While the incomparable Goodnight Moon by Margaret Wise Brown and illustrated by Clement Hurd does not take place in Dresden, that is where today brought news of a robbery at the Staatliche Kunstsammlungen Dresden, the State Art Collections that house the treasures of the Free State of Saxony. Specifically, two thieves broke into the Grünes Gewölbe—the Green Vault—which holds the rarest objects of all. Headlines understandably honed in on monetary values in the hundreds of millions or even billions, but these objects are, in fact, priceless. It is a horrifying crime against a rich cultural heritage in an historic city.
Topics: Holy Roman Empire, Dresden, DDR, Gemäldegalerie Dresden, Isabella Stewart Gardner Museum Theft, Staatliche Kunstsammlungen Dresden, East Germany, Tashkent, Paris Court of Appeal, Goodnight Moon, Anne Hawley, House of Wettin, Augustus the Strong, Zwinger, Frauenkirche, Rezidenzschloss, Fürstenzug, Gottfried Semper, Grünes Gewölbe, Margaret Wise Brown, Clement Hurd, Residenzschloss, Green Vault, Thomas Crown affair, Bond villain, Marion Ackerman, Michael Kretschmer, Free State of Saxony, Freistaat Sachsen, Electorate of Saxony, Thirty Years War, Schatzkammer, Wittelsbach, GDR
One of the issues exposed and exacerbated by the ongoing Gurlitt collection stalemate is the question of Germany’s restitution procedures with respect to art. As the Bavarian legislative proposal to abolish the statute of limitations for claims against bad-faith acquirers is considered by the Bundestag, the “German Advisory Commission for the Return of Cultural Property Seized as a Result of Nazi Persecution, Especially Jewish Property” has issued a decision over what has become known as the “Guelph Treasure” (Welfenschatz) in the collection of the Stiftung Preussischer Kulturbesitz (SPK), the Prussian Cultural Heritage Foundation. The March 20, 2014 opinion (available, so far as I know, only in German at this point at www.lostart.de) underscores the issues around claims of sales under duress, and the appropriate present-day procedural remedy. Readers should also brush up on their medieval German history to keep up.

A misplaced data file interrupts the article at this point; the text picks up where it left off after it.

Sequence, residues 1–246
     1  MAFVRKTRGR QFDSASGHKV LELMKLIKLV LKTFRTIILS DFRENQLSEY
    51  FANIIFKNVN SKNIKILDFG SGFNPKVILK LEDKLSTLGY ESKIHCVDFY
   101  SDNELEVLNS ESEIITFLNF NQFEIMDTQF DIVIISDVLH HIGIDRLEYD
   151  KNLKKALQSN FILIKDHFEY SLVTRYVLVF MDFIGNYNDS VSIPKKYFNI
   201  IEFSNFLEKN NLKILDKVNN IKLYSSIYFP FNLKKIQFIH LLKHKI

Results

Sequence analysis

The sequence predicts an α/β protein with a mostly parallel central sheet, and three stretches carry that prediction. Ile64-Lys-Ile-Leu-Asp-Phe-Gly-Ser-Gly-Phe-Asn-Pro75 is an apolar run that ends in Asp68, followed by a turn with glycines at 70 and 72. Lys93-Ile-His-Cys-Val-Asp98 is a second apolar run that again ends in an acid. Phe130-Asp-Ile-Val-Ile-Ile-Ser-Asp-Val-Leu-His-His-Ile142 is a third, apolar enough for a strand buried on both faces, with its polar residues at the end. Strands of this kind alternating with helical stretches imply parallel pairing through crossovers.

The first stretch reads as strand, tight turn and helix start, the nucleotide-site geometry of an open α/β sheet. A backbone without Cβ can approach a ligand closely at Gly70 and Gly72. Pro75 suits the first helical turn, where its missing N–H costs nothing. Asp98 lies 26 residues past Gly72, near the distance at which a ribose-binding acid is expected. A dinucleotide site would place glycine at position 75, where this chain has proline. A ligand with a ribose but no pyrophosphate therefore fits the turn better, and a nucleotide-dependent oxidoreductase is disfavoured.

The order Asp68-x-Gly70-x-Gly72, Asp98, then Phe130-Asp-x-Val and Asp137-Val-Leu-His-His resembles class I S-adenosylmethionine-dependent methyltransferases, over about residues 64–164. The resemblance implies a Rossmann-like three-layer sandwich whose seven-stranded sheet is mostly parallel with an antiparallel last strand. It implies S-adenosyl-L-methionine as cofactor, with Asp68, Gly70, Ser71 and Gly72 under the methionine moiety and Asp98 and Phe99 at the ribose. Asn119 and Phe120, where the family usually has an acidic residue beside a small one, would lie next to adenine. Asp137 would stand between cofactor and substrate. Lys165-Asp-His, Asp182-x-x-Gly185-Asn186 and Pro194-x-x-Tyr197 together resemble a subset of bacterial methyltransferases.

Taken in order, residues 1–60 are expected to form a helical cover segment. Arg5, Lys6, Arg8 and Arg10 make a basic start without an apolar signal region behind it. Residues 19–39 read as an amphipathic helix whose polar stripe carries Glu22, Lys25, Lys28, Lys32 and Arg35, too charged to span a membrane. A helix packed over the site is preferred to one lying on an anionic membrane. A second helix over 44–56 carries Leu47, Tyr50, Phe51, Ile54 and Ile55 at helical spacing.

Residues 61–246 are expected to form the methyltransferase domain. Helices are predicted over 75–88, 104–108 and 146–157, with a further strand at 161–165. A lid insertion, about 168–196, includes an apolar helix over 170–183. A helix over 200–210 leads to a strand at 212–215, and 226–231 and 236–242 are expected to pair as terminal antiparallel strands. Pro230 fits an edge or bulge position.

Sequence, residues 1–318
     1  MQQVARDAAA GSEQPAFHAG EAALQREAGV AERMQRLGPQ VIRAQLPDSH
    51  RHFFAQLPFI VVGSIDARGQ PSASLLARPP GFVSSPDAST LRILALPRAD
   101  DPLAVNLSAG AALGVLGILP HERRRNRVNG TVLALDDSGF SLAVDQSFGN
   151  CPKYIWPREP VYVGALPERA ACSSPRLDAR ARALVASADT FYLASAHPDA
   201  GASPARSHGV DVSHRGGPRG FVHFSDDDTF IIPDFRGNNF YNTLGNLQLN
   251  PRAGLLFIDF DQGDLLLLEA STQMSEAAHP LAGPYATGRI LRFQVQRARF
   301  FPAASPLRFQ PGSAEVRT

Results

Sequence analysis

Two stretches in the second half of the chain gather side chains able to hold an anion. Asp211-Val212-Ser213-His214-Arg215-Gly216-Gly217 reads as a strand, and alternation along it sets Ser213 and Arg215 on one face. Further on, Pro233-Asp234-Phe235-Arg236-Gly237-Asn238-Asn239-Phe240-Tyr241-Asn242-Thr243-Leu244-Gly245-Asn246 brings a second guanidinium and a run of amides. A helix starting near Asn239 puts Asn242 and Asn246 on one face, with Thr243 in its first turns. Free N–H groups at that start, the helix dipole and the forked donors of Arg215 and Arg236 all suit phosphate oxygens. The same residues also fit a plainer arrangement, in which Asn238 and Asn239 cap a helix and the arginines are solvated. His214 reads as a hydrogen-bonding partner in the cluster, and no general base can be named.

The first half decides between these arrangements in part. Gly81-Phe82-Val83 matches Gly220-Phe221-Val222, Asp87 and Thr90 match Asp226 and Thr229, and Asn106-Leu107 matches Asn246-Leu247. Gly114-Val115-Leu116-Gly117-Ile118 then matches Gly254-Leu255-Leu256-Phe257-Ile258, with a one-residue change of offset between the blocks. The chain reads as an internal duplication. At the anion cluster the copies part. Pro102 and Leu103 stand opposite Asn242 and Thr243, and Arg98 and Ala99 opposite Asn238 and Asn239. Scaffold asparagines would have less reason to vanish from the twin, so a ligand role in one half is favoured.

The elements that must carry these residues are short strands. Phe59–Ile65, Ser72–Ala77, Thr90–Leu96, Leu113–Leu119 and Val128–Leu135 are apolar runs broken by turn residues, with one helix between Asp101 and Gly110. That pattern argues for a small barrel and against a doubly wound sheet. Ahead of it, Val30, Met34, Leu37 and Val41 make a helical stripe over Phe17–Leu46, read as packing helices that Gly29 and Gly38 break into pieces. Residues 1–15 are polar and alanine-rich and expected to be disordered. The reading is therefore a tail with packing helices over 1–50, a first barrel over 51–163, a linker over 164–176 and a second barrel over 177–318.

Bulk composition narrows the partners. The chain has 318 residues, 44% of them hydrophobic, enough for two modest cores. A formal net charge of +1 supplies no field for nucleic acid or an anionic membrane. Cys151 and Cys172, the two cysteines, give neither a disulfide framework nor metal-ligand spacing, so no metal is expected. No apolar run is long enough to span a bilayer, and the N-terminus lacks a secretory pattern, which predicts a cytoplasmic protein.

Topics: Holy Roman Emperor Otto IV, German Supreme Commercial Court, Holy Roman Empire, Guelph Treasure, Bundeshandelsgericht, German Supreme Constitutional Court, Z.M. Hackenbroch, Karl Blechen, Duchy of Brunswick and Lüneburg, Niedersachsen, Karl Ernst Baumann, Act of State, Kingdom of Hanover. Königreich Hannover, Dr Alexander Lewin, Prussia, Lower Saxony, Anselm Feuerbach, Gurlitt Collection, Foreign Sovereign Immunities Act, Preussen, Hans Sachs, German Advisory Commission for the Return of Cultu, Hessen, Fogg Art Museum, Congress of Vienna, Julius and Clara Freund, Kurhannover, Dresdner Bank, Hermann Goring, Austrian Supreme Court, Johann J. August von der Embde, House of Welf, Stiftung Preussischer Kulturbesitz, Wilhelm Leibl, Portrait of Amalie Zuckerkandl, Braunschweig-Lüneburg, Harvard, Portrait der Familie von Dithfurth, Gurlitt, Restitution, George I, J.S. Goldschmidt, World War II, Peasant Girl without a Hat and with a White Headcl, Queen Victoria, Prussian Cultural Heritage Foundation, Art Institute of Chicago, Kurfürsten, Jutta Limbach, www.lostart.de, Soviet Union, Gustav Klimt, Bundesverfassungsgericht, Welfenschatz, Limbach Commission, I. Rosenbaum, Electors